The World Tourism Organization (UNWTO or simply WTO) is a specialized agency of the United Nations (UN) that was established in 1974 in Madrid, Spain. The main goals of the UNWTO are to develop and promote sustainable tourism that contributes to peace, economic development, and universal respect for human rights without distinction based on race, religion, language, and sex. The UNWTO is the leading international organization for tourism, and promotes the industry as a significant contributor to economic growth, while also supporting the advancement of the industry's knowledge and policies. The headquarters of the World Tourism Organization is located in Madrid, Spain, and the official languages of the organization are Arabic, English, French, Russian, and Spanish.
History Of The UNWTO
The origin of the World Tourism Organization dates back to 1925 when the first global congress of official tourist organizations was held in The Hague, Netherlands. The congress continued to meet every year and eventually decided to create an official union, called the International Union of Official Tourist Publicity Organizations (IUOTPO), which was established in 1934. Following the Second World War, the IUOTPO restructured itself and became the International Union of Official Travel Organizations (IUOTO). The primary objective of the IUOTO was to promote tourism while extracting the best out of the industry as a global trade component. In 1967, the IUOTO declared the need to establish a body with the power to work with other international organizations, such as the United Nations.
The IUOTO voted in favor of forming the World Tourism Organization in 1970, and the WTO began to operate on November 1, 1974. In 2003, during the fifteenth general meeting of the WTO in 2003, the WTO and United Nations agreed the WTO would become a specialized agency of the UN. The UNWTO created a World Committee on Tourist Ethics in 2004, and committee members were elected based on professional capabilities instead of national affiliations. The permanent headquarters of the World Committee on Tourist Ethics is located in Rome, Italy.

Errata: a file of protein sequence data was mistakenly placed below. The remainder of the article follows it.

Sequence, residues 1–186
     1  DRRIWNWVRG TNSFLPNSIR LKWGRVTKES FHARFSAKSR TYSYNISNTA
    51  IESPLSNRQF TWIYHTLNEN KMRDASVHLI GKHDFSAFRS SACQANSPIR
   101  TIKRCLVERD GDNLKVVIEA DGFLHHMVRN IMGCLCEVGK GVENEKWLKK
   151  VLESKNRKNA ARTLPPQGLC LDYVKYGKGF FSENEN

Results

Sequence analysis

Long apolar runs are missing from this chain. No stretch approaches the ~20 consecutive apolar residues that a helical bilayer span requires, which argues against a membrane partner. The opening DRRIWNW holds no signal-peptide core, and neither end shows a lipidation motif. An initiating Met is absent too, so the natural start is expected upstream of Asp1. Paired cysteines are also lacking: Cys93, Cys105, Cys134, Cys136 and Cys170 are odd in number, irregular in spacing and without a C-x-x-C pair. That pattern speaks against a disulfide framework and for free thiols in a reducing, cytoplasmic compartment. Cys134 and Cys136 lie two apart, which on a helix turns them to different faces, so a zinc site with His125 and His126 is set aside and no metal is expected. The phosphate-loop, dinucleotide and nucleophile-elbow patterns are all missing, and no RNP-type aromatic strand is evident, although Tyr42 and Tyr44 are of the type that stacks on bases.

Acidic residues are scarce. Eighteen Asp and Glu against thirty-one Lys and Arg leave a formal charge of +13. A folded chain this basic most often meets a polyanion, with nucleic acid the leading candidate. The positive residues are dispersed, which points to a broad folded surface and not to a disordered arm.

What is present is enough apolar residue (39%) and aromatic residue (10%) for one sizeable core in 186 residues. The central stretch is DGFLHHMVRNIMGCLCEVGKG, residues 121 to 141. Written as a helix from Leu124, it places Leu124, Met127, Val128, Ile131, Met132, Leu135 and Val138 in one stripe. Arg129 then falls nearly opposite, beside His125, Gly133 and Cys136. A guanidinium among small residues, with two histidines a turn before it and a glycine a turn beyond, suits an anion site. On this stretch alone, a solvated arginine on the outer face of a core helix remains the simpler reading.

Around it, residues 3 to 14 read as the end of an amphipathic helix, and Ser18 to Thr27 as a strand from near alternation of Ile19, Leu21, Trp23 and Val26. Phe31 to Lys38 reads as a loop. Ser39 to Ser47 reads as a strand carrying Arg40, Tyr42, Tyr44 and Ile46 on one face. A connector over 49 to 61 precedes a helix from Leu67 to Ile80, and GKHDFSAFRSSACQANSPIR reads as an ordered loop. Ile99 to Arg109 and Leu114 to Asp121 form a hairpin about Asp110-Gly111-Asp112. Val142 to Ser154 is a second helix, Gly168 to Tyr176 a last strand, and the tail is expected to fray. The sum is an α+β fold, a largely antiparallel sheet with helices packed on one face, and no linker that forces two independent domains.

Membership of the World Tourism Organization includes 158 nations, 6 territories, and two permanent observers. The six territories include Madeira, Flemish Community, Macau, Hong Kong, and Puerto Rico, and Aruba, while the two permanent observers are Palestine and the Holy See. Additionally, 17 nations have withdrawn from the UNWTO, at least temporarily, including Canada, Belgium, Bahamas, Bahrain, Kuwait, Honduras, Grenada, Costa Rica, Malaysia, Myanmar, the United Kingdom, and Panama. For example, Canada withdrew in 2003 after Robert Mugabe became the leader of the UNWTO, and Puerto Rico resigned as UNWTO'S associate member. The Netherland Antilles was an associate member of the UNWTO before the constituent country dissolved in 2010.
Some non-member states include Somalia, the United States, Sweden, Luxembourg, Ireland, Denmark, Barbados, Tonga, Samoa, Singapore, New Zealand, and Liechtenstein. The United Arab Emirates (UAE) rejoined the UNWTO in 2013 after leaving for 26 years. The UNWTO has more than 500 affiliate members representing tourism associations, educational institutions, the private sector, and local tourism authorities.
The principal gathering of the organization is the General Assembly, which meets every two years. The Executive Council of the UNWTO is responsible for governing the board and ensuring that it functions and adheres to the budget. The primary function of the Secretariat is to serve the needs of all affiliate members while implementing the organization's program. Additionally, specialized committees advise on program content and management.